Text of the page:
We take a look at this 90’s film noir as it hits UK shelves today…
Rosemary’s Baby, The Stepford Wives, The Boys from Brazil – if you’d written each of the novels from which those films were adapted, you’d have to be some kind of literary powerhouse. You’d be one of those writers, like Thomas Harris or Stephen King, who can barely get a novel out without them turning into a motion picture. You’d be Ira Levin, and your first novel, A Kiss Before Dying, would have been adapted to film twice, once in 1956, and then again in 1991.
It’s the 1991 version we’re looking at here, in time for its rerelease on DVD and Blu-Ray. The plot sees handsome, charming, and utterly sociopathic Jonathan Corliss, played by handsome, charming and slightly vapid Matt Dillon, offing blonde heiress Sean Young, before using her death to get close to her twin, brunette heiress sister Sean Young and her copper magnate father Max von Sydow. From there the plot plays out in predictably unpredictable fashion, with much in the way of suspenseful twists and twisty suspense, but there’s little here that truly shocks you, and there’s even less to get invested in. While von Sydow is such a veteran of this kind of material that he only has to appear on screen to lend a touch of borrowed grandeur to proceedings – the Force Awakens method – and Young is effective yet again in yet another rôle that’s part femme fatale, part damsel in distress, though one wishes more could have been made of her double rôle. But Dillon as the psycho killer displays neither the charm to make us buy him as a seducer, nor the presence to make us fear him as a villain. He stands in the right spots and says the right lines, as if he’s in a rehearsal, and leaves us longing for Matt Damon in The Talented Mr. Ripley. And if we don’t feel much of anything at all when he’s on screen, then we don’t feel much at all about the picture as a whole.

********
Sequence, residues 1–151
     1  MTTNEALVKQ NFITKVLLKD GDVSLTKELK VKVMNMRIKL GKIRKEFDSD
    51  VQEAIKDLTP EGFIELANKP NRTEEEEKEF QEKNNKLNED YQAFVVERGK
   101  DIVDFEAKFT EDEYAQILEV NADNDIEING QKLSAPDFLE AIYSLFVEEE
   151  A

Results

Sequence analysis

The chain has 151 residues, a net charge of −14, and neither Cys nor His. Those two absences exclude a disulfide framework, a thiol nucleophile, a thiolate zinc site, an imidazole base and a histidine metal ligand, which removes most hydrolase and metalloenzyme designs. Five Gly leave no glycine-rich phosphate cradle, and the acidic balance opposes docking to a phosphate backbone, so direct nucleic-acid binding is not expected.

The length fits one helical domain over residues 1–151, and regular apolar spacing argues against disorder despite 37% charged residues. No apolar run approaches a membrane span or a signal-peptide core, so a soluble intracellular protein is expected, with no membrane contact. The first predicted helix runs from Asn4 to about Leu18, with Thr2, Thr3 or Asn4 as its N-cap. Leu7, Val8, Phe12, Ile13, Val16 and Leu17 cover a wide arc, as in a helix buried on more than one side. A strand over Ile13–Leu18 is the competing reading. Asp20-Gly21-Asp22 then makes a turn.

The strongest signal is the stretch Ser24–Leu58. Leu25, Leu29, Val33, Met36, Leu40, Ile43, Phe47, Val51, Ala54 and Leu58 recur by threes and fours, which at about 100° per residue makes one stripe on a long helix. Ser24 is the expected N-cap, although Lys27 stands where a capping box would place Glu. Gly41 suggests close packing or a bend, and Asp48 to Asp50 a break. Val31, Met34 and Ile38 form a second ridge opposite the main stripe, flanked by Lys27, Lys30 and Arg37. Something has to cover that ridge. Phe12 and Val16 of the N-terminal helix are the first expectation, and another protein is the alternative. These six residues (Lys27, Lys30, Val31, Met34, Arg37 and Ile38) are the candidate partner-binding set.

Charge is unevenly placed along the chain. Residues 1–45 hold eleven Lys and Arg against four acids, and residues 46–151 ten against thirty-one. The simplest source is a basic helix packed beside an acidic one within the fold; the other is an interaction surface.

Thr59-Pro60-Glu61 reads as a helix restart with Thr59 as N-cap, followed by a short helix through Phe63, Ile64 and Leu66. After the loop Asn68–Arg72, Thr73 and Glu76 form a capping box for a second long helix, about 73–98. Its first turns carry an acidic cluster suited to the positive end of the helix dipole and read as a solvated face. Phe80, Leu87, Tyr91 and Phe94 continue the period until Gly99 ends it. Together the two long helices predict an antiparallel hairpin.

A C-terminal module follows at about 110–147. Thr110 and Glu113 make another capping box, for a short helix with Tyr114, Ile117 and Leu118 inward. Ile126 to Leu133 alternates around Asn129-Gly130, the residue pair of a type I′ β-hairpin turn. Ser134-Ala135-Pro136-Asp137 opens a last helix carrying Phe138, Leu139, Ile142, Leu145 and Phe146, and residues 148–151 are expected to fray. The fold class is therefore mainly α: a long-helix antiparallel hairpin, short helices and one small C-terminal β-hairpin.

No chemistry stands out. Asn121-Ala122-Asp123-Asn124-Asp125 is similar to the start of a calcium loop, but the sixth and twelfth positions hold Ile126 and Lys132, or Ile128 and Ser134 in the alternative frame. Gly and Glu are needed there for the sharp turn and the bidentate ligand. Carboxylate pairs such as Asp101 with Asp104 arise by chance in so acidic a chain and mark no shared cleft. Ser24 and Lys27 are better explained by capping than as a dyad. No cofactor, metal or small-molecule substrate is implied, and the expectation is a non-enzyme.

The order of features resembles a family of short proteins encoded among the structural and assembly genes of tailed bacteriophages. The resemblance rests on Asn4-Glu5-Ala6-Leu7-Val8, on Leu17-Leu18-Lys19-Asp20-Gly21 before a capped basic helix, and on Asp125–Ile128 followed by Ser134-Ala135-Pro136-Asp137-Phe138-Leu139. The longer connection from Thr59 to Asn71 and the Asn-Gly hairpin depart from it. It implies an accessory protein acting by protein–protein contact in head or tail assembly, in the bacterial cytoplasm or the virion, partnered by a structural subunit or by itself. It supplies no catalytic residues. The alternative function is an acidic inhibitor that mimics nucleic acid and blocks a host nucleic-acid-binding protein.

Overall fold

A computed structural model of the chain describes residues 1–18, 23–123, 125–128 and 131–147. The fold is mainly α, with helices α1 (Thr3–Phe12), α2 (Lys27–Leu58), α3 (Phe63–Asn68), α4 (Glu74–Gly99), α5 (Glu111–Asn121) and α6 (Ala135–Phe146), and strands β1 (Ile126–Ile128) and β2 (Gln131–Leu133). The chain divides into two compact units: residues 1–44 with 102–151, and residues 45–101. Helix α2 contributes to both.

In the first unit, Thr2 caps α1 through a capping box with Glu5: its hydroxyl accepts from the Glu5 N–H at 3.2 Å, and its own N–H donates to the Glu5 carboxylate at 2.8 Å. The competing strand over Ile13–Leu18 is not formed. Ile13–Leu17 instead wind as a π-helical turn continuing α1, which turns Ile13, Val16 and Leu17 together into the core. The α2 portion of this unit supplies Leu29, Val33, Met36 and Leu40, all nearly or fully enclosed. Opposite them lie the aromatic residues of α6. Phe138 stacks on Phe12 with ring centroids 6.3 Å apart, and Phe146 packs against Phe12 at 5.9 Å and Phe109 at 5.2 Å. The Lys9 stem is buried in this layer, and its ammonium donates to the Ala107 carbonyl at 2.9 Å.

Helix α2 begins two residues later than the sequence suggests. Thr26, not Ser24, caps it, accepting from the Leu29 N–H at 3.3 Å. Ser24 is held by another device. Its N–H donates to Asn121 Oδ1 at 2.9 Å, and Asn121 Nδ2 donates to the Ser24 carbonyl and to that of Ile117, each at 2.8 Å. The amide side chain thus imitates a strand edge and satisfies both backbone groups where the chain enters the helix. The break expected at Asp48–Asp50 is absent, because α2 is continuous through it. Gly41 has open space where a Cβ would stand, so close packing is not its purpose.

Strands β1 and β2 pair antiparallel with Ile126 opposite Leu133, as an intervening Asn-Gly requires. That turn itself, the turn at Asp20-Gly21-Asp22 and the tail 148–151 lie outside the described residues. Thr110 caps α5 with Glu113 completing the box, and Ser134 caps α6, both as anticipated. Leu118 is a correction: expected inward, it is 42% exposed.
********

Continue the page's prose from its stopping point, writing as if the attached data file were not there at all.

The peak comes early when the first Sean Young is chucked from a rooftop, landing with a blood-spatter brutality that is terrifyingly unexpected in this type of picture. Beyond that point, director James Dearden encounters great difficulty in relating to the material. Everything promotional talks about the film as a neo-noir, presumably since the 1956 original was a bona fide film noir, but the superficial approach owes nothing to that set of conventions beyond a plot that was, by 1991, basically hackneyed. Instead, it’s handled with the workmanlike approach common to the erotic thrillers of the late-80s and early-90s. The genre includes relatives of this film, such as Dearden’s previous hit Fatal Attraction and the Ira Levin adaptation Sliver. About the only one of these pictures that really worked was the overblown Basic Instinct, freed from the burden of having to convince its audiences there was anything novel about the material. Occasionally, too, this film gets all sparky, just for a moment – having Young watch Vertigo on television is a nice little lampshading – but for the most part it’s content just to shepherd us through the pot until we reach the inevitable showdown in Jonathan Corliss’ childhood home, a convention shared between the erotic thriller and the slasher film. Young’s character cleverly conceals a knife, and then there’s much tussling and running and chasing. Tension should be high but, if we haven’t cared about the characters up to this point, there’s no reason to start now.
A Kiss Before Dying is now available on DVD in the UK, will you be checking it out? Let us know in the comment box below!